The Dogma Catholics Deserve

Will Catholics do more than shrug glumly at their church's bullying?

This story originally appeared on Beliefnet in 2000

Last June, according to a front-page report in the September 6 Los Angeles Times, "the Vatican ordered bishops to avoid references to 'sister churches' and instead remember that 'the one, holy, catholic and apostolic Church is not sister but "mother" of all the particular [Christian] churches.'"

According to the same report, entitled "Vatican Declares Catholicism Sole Path to Salvation," the June statement has now been topped by a new statement, written by one Vatican bureaucrat, signed by another, and issued in the name of John Paul II. The new statement, titled "Dominus Iesus," says that the Protestant churches aren't just daughter churches of Rome's but are not "churches in the proper sense" at all. They have been demoted to "ecclesial communities." As for non-Christians, they are even worse off, according to the new document: "Objectively speaking, they are in a gravely deficient situation in comparison with those who, in the [Catholic] Church, have the fullness of the means of salvation."

Sentiments like these are nothing new in the Roman Catholic Church. What was new, for a short time, was the less bullying, less triumphalist attitude toward non-Catholics and non-Christians that Pope John XXIII ushered in with his Second Vatican Council (1962-1966). This latest statement demonstrates, if any further demonstration was really needed, that the Vatican II chapter in Catholic history is now definitively closed. The church is once again in the grip of the likes of Msgr. Tarcisio Bertone, secretary of the Vatican's Congregation for the Doctrine of the Faith, who signed "Dominus Iesus," and Cardinal Joseph Ratzinger, prefect of the Congregation, who wrote it. Both are unrepentant arch-conservatives who are determined to crack down on every form of Catholic dissent and to resist all efforts to change the church.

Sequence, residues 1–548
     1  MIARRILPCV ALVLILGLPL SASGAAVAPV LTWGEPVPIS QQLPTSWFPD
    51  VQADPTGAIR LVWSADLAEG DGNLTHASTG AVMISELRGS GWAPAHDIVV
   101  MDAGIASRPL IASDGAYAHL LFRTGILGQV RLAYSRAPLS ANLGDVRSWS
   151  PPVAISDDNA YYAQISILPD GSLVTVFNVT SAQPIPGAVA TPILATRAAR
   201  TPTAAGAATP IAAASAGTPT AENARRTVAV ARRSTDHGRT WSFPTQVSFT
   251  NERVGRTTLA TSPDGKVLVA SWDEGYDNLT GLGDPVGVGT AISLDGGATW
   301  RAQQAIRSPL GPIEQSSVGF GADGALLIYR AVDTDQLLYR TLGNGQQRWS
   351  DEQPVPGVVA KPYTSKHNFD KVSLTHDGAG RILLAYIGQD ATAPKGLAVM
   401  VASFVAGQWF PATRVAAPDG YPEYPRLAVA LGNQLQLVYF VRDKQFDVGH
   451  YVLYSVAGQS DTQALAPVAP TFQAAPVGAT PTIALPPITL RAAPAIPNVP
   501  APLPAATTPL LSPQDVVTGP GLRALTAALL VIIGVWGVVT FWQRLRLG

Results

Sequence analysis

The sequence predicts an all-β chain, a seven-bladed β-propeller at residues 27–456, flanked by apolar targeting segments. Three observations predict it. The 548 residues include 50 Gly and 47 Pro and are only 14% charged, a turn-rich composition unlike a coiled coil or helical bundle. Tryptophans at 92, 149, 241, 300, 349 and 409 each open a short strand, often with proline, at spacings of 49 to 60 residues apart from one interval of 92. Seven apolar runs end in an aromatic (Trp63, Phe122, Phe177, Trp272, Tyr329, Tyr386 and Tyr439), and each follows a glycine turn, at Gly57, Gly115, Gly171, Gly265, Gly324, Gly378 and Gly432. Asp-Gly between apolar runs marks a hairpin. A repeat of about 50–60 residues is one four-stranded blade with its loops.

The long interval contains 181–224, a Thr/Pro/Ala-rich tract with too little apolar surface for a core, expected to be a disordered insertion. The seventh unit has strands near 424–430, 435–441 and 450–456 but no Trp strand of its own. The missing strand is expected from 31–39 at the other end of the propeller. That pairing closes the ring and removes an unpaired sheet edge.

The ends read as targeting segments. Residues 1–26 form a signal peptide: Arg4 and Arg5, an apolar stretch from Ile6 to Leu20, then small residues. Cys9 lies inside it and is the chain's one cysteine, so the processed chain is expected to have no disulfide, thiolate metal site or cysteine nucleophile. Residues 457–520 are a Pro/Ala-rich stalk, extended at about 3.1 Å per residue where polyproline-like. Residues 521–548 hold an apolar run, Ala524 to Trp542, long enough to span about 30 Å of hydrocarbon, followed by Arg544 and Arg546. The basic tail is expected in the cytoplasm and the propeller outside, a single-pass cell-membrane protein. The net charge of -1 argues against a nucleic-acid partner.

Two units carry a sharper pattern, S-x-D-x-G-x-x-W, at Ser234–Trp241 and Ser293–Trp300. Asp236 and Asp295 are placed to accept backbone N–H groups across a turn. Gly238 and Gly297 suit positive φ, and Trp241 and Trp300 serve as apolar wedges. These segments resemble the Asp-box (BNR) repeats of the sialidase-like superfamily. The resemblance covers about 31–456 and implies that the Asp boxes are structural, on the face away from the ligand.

At any rate, the church is in their grip unless some Catholic counter-force arises to loosen it, but that prospect seems most unlikely. There are liberal Catholics, of course, even some liberal priests and a few liberal bishops, but in all likelihood they will do nothing more than shrug glumly over this 36-page slap in the world's face and try to say as little about it as they can.

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